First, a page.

Though the Wii U is certainly playing third fiddle in this generation’s console wars, Nintendo can rest easy in the knowledge that their under-performing machine has already acquired an enviable catalogue of system exclusives. Yet whilst The Fall may be a port from last year's PC original, its appearance here, rather than on the indie-friendly rival machines, is another feather in Nintendo’s cap.
For a platform festooned with anthropomorphic mushrooms and dancing cats, The Fall is custom built to catch attentions from those idly browsing the Wii U’s online shop front. With its dark, foreboding, near-monochromatic art work, it’s a title closer to 2010’s disquieting indie favourite Limbo or last year's darkly alluring The Swapper than anything else on its new home platform.
Beyond its distinctive graphical style, The Fall’s trump card is in its writing. Its no-bullshit intro finds an astronaut hurtling through space before crash landing on a mysterious planet. Seemingly unconscious, his all-purpose suit takes over in an effort to revive and save him and so players find themselves in control of ARID, the suit’s AI, rather than the spaceman himself. What follows is a tale of the cracked line between robotic law and human intuition that could easily serve as the touch-paper for a sci-fi novel in the vein of Arthur C. Clarke, Isaac Asimov or Philip K. Dick.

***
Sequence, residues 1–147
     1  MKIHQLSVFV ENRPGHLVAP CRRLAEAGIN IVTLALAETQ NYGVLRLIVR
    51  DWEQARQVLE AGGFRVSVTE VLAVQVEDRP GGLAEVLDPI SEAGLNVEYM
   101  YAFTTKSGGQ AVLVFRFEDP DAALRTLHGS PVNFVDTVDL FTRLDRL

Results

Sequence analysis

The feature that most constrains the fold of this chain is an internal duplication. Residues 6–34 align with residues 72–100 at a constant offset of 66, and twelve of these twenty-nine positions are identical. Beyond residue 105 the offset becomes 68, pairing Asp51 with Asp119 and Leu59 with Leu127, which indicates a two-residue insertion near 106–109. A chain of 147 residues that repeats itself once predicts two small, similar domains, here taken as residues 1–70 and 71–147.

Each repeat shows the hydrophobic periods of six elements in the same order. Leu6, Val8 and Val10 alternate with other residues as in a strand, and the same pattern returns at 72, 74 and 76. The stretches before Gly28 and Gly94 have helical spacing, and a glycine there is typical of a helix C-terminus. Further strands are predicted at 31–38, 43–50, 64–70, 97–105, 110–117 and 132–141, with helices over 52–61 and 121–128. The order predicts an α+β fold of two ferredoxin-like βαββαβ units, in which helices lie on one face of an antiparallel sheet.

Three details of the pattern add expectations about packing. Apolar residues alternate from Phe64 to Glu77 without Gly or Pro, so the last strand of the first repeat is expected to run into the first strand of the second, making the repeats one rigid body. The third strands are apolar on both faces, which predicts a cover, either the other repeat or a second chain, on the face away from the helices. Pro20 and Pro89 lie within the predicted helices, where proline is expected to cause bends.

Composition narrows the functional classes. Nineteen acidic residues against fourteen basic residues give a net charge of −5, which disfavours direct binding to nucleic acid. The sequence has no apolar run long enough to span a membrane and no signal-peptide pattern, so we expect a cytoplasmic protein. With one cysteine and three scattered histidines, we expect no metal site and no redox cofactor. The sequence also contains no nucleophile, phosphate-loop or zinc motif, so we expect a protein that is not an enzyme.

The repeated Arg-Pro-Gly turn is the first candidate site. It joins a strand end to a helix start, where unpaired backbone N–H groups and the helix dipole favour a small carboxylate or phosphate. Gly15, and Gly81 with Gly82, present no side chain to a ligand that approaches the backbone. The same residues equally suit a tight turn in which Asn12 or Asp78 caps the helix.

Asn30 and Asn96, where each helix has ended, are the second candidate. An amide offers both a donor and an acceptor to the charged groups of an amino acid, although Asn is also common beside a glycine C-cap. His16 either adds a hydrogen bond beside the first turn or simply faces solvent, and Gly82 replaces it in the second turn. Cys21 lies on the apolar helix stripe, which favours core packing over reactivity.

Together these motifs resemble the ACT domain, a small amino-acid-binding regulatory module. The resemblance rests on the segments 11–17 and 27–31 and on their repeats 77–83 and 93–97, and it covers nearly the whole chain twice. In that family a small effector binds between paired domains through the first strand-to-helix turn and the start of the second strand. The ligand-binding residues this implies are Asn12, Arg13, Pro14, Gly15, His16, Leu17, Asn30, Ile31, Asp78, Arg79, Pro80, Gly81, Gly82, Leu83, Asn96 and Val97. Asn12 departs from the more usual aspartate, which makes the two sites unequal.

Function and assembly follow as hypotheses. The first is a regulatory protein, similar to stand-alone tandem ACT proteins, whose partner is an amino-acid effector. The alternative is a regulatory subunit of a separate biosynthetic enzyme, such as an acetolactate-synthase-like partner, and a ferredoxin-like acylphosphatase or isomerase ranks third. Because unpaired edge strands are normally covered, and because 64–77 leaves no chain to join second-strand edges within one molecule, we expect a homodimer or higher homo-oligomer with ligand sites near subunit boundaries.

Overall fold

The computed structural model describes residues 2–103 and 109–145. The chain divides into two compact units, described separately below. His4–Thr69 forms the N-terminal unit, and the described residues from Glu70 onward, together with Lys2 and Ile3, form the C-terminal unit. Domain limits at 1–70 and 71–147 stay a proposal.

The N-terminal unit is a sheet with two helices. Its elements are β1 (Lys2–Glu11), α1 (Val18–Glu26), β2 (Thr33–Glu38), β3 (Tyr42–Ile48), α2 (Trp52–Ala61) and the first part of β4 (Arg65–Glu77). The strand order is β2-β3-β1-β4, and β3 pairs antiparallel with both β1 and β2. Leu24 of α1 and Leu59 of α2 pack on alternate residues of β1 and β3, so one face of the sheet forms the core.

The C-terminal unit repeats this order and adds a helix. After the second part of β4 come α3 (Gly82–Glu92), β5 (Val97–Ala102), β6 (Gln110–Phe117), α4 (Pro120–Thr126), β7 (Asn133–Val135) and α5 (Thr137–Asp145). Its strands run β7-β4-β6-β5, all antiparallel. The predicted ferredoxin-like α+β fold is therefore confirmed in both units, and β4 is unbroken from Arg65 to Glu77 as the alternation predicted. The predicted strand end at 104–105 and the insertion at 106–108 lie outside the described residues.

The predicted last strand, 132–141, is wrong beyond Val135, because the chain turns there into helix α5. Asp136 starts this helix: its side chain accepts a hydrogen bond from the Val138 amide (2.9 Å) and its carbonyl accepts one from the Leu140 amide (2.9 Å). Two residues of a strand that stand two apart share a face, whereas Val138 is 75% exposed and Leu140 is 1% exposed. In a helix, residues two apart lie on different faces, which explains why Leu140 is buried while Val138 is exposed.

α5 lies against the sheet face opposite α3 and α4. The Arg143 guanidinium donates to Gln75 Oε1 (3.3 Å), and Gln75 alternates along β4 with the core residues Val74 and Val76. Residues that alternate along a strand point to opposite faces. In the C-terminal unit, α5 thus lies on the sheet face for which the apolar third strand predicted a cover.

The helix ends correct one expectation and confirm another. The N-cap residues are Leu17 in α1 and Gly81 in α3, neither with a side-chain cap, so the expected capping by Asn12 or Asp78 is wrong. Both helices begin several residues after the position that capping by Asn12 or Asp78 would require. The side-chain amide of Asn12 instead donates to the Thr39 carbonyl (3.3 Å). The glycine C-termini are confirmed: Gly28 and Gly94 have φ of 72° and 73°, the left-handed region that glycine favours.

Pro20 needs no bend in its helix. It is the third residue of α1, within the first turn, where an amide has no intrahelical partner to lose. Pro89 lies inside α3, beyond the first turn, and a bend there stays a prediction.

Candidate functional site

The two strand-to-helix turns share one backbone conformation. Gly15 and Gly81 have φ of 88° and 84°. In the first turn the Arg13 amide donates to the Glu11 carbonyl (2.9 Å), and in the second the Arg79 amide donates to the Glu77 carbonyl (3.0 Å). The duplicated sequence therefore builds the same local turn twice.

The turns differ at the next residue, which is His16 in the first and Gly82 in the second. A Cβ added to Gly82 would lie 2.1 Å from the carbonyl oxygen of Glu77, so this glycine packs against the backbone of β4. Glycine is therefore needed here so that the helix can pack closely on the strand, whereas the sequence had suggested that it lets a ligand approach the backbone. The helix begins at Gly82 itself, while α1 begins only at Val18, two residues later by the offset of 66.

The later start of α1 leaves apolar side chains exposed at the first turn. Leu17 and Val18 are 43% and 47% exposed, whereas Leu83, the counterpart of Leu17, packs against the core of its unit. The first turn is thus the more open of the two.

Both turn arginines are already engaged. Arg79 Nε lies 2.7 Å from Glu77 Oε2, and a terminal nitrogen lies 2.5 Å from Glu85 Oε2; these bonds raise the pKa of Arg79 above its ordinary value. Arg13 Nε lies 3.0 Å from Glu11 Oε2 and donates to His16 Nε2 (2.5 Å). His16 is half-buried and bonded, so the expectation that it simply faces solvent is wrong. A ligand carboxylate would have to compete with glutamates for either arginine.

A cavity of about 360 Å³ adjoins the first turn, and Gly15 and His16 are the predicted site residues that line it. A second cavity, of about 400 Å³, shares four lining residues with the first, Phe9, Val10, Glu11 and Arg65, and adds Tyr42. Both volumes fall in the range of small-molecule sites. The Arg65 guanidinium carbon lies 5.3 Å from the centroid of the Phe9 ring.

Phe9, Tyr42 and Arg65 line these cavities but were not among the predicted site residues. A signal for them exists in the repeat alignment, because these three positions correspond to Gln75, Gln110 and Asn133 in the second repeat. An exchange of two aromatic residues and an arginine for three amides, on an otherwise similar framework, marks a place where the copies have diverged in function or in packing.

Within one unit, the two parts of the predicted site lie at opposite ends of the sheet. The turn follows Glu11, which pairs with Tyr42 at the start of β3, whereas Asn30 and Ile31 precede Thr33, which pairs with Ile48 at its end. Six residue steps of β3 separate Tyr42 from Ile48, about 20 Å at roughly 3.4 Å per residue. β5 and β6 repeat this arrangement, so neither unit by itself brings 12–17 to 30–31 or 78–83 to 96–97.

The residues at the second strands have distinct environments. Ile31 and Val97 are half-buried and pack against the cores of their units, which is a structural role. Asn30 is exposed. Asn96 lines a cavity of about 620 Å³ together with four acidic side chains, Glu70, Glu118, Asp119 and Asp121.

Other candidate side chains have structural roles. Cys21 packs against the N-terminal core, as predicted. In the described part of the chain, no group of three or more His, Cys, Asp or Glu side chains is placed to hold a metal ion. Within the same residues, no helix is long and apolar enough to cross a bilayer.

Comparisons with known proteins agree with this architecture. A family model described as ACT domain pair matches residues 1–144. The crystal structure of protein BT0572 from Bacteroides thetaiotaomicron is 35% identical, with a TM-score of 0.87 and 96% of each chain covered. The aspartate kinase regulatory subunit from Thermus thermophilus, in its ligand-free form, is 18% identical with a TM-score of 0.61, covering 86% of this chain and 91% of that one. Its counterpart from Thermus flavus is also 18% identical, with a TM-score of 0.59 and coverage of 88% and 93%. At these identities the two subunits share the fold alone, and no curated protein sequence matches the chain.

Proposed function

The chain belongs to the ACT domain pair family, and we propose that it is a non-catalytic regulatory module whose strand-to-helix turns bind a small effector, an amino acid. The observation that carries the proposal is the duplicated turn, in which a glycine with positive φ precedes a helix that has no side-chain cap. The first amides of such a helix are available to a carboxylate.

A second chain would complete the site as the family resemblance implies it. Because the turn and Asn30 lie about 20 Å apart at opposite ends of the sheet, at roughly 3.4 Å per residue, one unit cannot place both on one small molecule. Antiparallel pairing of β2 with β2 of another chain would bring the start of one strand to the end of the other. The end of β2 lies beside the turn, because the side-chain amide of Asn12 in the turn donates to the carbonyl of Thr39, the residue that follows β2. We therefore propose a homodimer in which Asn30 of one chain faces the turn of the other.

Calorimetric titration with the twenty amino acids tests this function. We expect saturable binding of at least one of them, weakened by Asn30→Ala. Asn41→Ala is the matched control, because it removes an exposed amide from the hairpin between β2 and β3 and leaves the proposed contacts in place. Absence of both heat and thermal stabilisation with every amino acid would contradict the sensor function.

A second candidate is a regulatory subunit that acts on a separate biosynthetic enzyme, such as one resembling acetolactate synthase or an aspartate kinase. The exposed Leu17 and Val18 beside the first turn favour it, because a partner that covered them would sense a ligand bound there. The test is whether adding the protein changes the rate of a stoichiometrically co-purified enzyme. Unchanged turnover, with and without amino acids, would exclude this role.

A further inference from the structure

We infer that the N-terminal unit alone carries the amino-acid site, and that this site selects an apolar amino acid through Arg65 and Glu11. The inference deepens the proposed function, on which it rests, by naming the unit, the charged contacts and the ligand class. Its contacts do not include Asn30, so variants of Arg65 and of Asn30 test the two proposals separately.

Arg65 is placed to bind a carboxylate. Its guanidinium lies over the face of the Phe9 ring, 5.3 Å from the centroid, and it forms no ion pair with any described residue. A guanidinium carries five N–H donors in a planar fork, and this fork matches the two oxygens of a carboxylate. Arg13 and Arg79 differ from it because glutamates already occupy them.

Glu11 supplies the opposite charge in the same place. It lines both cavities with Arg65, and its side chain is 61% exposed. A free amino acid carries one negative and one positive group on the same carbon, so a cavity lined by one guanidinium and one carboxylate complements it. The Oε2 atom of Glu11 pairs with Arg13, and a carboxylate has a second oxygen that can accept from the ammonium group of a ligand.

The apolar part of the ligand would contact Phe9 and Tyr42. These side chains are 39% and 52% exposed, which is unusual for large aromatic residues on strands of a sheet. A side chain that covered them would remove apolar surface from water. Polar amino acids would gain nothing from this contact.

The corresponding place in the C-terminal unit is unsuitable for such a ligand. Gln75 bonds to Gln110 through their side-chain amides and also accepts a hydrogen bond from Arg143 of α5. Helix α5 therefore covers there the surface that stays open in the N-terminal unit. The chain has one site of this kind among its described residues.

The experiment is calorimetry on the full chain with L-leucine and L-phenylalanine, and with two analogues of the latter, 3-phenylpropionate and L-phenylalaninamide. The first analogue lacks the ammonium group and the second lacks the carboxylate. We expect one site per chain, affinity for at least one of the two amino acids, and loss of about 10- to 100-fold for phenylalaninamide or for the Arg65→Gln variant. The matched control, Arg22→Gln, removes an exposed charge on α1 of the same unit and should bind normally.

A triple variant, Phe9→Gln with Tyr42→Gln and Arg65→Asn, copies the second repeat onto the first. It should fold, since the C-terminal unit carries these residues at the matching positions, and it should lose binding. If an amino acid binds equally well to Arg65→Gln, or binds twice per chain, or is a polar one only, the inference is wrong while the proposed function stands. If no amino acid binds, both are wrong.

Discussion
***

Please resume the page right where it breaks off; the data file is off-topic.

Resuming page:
The Fall’s most interesting concept is its level-up system. ARID is given basic control of her human cargo at first, the idea being that more complex and powerful abilities should remain in human hands for as long as possible. However, protocol locks are over-ridden when the spaceman’s life is threatened, allowing ARID to gain extra powers, level up and progress. The conundrum then is that ARID must frequently put her human occupant in mortal danger in order to better protect him with the advanced powers doing so unlocks.
It is, however, not a player-led moral dilemma but a story-prescribed one. The Fall isn’t a game with branching outcomes or difficult choices, but rather a platform puzzle game with point and click elements and a story that’s as pre-ordained as most other video games. Yet as a plot point to hang a mature storyline onto, it’s a steadfast one with few equals in its field. A solid script – and solid voice acting – ensures The Fall is on a level way above most games in these regards.
The nuts and bolts of gameplay are less ambitious, relying on fairly standard puzzle platforming elements. Yet developers Over The Moon have created some truly ingenious head-scratchers throughout the short duration of the game. A central test chamber, where ARID must try to complete a series of domestic and civil tasks whilst feigning subservience is particularly well executed, with the answers often making players second guess the game and themselves.
It’s all over fairly quickly, which may disappoint some, but for its relatively meagre price it gives a good return in playtime. Yet its ending is something that will likely last a lot longer in the mind, while other more ambitious games often seem to fade as soon as the credits have rolled. However, as a post-game ‘to be continued’ lets us know, at least one more game is being planned.
Either way, The Fall is a compelling piece of storytelling in a medium that usually struggles to engage players beyond the surface spectacle. More importantly, it’s a very good game in its own right but with both aspects combined it makes for a compelling case to dust off your Wii U pad.